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Title:Student achievement in Illinois high schools and the relationship to student and teacher factors
Author(s):Schoppe, Craig Richard
Director of Research:Alexander, Kern
Doctoral Committee Chair(s):Alexander, Kern
Doctoral Committee Member(s):Rounds, James; Herrmann, Mary; Dixson, Adrienne
Department / Program:Educ Policy, Orgzn & Leadrshp
Discipline:Ed Organization and Leadership
Degree Granting Institution:University of Illinois at Urbana-Champaign
Degree:Ed.D.
Genre:Dissertation
Subject(s):Student Achievement
Abstract:Education is critical to a democratic nation and in creating a strong economy (Verstegen, 2008). The importance of education is clear across society as an important tool in creating equal opportunities for all children regardless of race, ethnicity, and socioeconomic status. As school accountability increases, it is critical to determine what programs and resources have the biggest impact on student achievement so that policymakers and educators better understand how to allocate educational funding. This quantitative ex-post facto longitudinal study involved examining the relationship between socioeconomic status, per pupil expenditures, teacher attendance, salaries, education, retention, graduation rates, and student achievement at the high school level from 2017 through 2019. Student achievement was measured using the SAT score. A Pearson Product moment-correlation was calculated to analyze the degree and directional relationship between the variables. A positive correlation was noted across all three years between instructional expenditures per student and academic achievement. This analysis supports the research that additional educational funding leads to increases in student achievement. Unique to this research study was the addition of the split data sets by designating schools with 34% or more students as low-income and then analyzing the data across 3 years. The large discrepancy in the percentages of low-income students across districts prompted the split to better examine the relationship between low-income students on the various teacher and student factors. The findings highlight the negative correlation between low-income students with academic achievement, graduation rates and teacher retention.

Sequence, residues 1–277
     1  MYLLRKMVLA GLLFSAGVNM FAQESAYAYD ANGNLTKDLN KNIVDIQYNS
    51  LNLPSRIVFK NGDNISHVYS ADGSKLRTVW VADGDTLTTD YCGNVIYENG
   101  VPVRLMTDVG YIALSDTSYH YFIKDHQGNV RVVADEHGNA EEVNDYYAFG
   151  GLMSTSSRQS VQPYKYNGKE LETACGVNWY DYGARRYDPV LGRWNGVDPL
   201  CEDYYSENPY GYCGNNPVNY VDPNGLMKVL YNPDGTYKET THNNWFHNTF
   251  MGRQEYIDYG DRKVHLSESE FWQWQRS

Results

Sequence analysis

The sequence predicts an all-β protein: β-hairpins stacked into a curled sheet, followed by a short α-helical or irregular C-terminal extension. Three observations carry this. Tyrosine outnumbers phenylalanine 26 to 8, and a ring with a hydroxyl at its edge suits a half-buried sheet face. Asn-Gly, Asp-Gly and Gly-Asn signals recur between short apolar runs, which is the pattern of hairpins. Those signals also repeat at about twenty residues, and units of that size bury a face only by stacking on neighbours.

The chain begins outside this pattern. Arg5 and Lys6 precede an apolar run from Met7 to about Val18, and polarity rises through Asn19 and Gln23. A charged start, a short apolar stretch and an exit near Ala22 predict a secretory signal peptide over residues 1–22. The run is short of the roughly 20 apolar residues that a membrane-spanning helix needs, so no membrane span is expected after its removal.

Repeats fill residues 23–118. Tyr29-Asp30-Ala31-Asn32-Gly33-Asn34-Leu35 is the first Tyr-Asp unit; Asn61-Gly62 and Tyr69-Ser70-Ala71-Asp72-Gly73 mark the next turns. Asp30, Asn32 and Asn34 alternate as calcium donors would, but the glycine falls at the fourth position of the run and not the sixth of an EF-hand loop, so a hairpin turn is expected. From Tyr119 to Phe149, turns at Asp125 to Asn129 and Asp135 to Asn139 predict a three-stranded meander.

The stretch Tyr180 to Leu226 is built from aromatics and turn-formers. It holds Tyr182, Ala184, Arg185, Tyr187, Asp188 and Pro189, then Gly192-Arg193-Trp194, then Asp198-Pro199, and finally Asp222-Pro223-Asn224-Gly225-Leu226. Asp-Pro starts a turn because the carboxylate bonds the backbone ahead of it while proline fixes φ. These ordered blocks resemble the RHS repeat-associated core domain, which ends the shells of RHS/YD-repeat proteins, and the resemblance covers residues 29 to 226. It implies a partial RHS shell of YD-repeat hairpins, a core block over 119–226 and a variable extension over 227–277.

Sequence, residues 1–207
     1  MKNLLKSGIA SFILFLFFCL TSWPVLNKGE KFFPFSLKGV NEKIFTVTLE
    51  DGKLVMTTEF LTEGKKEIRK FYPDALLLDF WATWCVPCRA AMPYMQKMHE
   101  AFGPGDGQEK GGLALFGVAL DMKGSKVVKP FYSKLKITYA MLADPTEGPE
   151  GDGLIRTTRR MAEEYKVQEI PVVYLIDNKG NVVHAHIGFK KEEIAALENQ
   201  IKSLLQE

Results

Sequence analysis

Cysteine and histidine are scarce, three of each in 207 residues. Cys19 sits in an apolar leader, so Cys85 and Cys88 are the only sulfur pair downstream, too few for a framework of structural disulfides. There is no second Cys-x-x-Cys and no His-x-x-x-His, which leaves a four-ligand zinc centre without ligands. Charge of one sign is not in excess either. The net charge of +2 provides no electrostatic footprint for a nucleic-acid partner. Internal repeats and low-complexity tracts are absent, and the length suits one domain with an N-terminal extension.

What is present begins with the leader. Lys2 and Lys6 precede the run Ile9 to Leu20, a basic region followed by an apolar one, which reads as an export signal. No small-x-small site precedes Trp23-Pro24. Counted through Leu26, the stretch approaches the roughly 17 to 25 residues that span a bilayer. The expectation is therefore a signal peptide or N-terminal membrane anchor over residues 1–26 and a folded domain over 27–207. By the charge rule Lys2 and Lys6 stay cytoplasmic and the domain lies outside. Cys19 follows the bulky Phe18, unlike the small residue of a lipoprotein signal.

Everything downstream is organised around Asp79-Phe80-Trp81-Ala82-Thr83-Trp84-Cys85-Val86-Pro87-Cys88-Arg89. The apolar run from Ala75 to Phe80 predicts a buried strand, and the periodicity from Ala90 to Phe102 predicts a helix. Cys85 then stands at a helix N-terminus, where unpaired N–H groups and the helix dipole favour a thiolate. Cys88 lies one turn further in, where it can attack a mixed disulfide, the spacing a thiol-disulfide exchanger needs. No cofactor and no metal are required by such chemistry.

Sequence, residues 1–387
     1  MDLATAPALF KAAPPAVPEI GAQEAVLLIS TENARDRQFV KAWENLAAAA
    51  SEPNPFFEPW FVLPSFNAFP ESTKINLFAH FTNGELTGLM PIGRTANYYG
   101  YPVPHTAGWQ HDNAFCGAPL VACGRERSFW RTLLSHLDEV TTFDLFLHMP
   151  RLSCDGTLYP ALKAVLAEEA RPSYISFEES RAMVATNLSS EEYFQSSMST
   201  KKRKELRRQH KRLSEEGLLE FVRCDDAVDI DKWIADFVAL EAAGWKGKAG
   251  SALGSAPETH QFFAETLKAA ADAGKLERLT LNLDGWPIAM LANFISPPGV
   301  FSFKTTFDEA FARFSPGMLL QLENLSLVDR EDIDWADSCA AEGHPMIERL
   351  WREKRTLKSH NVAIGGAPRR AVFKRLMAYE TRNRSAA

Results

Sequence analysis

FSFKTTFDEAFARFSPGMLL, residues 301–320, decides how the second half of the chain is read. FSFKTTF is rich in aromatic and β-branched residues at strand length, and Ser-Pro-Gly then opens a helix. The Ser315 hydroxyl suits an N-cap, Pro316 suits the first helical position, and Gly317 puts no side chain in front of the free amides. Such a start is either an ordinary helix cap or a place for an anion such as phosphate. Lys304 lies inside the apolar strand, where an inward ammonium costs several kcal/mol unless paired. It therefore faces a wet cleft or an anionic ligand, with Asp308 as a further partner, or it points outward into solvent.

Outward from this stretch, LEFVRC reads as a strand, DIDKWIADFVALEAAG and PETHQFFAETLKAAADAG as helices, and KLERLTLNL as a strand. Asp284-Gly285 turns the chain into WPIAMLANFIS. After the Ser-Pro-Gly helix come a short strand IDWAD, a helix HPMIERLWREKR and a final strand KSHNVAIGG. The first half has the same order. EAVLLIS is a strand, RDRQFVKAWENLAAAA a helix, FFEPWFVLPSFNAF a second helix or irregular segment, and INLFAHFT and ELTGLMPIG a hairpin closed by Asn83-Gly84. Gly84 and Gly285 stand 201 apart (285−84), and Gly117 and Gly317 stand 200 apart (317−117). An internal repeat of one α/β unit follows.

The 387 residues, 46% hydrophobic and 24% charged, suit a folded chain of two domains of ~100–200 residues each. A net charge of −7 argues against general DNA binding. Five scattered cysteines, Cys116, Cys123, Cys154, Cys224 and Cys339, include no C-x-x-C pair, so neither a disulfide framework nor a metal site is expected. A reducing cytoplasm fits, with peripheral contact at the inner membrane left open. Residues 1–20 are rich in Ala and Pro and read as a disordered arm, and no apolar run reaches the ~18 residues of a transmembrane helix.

Issue Date:2021-11-23
Type:Thesis
URI:http://hdl.handle.net/2142/113831
Rights Information:Copyright 2021 Craig Schoppe
Date Available in IDEALS:2022-04-29
Date Deposited:2021-12


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